Google tells me "No, mostly."
user have to enter the Apple ID password for every app installed?
Apps are deployed via MDM, Apple requires an Apple ID and password for
the app to be installed. Apps downloaded and installed via Apple
Configurator do not ...
Get management software for them. Apple provide no program, just API hooks for others to build upon. Meraki have a cloud product we trialled and it seems good enough for most.
Don't set them up with individual accounts. This is a recipe for disaster - forgotten password, no way to distribute new apps to them. Set them up with a single apple account, with a ...
It's a legitimate address range - if Apple's using it as a default address for their routers, then they're doing it wrong.
ARIN confirms that the whole 126.96.36.199/8 range is assigned to "USAISC", and if you take a look at a BGP looking glass, you'll see that 188.8.131.52/18 is being actively routed on the internet by AS668, which is assigned to the US DoD.
Moderated message transport is possible using Outlook or OWA as clients. You cannot do this using iPhone/iPad or any other Exchange ActiveSync based clients.
Hence no Approve/Disapprove buttons for iPhone/iPad
You have to ask the end user to use OWA in iPad for message approval.
Microsoft's guidance here:
When you enable the VPP programme users will authenticate with their own iTunes account when you push apps to them.
First, read this KB article for an overview of how to use
Apple's VPP Managed Distribution model with the Meraki Dashboard.
Obtain a Volume Purchase Program account from Apple, for
business or education.
Download, open in a text editor, and ...
For others who run into a problem with Meraki mobile enrollment please see this answer and the complete discussion that led to this solution http://chat.stackexchange.com/rooms/40681/discussion-between-user5870571-and-tyelford.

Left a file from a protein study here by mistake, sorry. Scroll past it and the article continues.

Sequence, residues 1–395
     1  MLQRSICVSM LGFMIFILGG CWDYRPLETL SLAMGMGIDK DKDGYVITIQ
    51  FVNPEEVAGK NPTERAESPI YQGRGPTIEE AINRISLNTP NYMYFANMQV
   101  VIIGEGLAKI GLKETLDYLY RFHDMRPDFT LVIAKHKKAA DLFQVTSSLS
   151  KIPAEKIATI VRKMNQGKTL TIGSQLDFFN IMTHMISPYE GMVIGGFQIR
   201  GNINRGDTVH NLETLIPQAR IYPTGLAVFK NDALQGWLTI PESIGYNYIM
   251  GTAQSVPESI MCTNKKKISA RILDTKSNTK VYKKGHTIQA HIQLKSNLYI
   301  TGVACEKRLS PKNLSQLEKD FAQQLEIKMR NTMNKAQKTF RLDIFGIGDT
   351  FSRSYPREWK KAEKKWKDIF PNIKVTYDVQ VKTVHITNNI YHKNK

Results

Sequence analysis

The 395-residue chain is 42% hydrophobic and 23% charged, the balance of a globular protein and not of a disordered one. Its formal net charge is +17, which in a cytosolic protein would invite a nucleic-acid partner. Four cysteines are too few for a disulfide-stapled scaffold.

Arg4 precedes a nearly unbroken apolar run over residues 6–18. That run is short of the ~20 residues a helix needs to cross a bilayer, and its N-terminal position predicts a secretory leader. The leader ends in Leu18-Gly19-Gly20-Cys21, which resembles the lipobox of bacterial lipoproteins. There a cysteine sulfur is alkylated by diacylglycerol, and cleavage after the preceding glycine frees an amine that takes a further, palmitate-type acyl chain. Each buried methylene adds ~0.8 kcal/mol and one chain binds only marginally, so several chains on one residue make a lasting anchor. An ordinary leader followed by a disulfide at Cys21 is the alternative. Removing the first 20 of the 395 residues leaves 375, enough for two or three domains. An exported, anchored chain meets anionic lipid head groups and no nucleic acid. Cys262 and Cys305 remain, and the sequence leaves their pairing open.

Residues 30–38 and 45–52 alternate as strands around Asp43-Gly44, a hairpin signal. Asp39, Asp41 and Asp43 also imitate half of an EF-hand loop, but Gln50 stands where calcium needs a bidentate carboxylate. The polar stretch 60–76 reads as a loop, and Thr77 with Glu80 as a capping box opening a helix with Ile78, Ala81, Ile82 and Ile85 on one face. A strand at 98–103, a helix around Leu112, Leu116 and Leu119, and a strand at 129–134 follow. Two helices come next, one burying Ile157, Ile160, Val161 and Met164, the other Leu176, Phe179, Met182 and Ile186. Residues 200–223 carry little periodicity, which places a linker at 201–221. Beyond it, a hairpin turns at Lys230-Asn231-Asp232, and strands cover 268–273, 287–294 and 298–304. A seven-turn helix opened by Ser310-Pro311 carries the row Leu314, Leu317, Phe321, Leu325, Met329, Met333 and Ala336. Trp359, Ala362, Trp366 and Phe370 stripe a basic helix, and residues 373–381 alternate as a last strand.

On the User Authentication Settings page make sure that the username is entered as domain\user and the port number is 3268.
OK, +1 for the internet, -1 for Apple.
The culprit was mod_spdy on Apache 2.2. I don't know what or how or why, but disabling mod_spdy resolved the issue.
I'm not too happy to leave it like this, but I don't have a choice for the time being.
In the intervening 3.5 years since this question was asked, I presume you found an answer.
But if you didn't, this is what I do on my iPad and iPhone (screenshots from my iPhone since it's what I had handy as I sat in the airport).
Go to Settings, Wi-Fi
Then tap the (i) button on the appropriate SSID
Scroll down and turn on Manual under HTTP PROXY, where ...
I would look into setting up an RDS server to stream IE to RDP clients (and I know there are RDP clients for iPad). Definitely will be cheaper than running a VDI system, since all you'll need is a single RDS host and a bunch of CALs, instead of serious hardware and storage, and VMWare licenses besides Windows desktop licenses that cost more than RDS CALs.
Possible answer: The iPad had the intermediate CA certificate (the one used to sign the client certificates) in its trusted CA store. When I deleted the intermediate CA from the iPad, the client certificate was able to work with Nginx. I also tried installing the intermediate CA as a trusted CA in desktop Firefox, and as soon as I did, I got the same error ...
The proxy server is probably the best solution (because iOS parental controls don't allow you to set a whitelist as far as I can tell). Be aware of one major caveat though: If you let people install apps from the app store they can and will find a way around your proxy restriction.
In order to make this work you will need to combine the proxy settings ...
Novell zenworks has mobile managment software, but that costs money and i'm not sure how much managment it gives with ipad. quick google search found this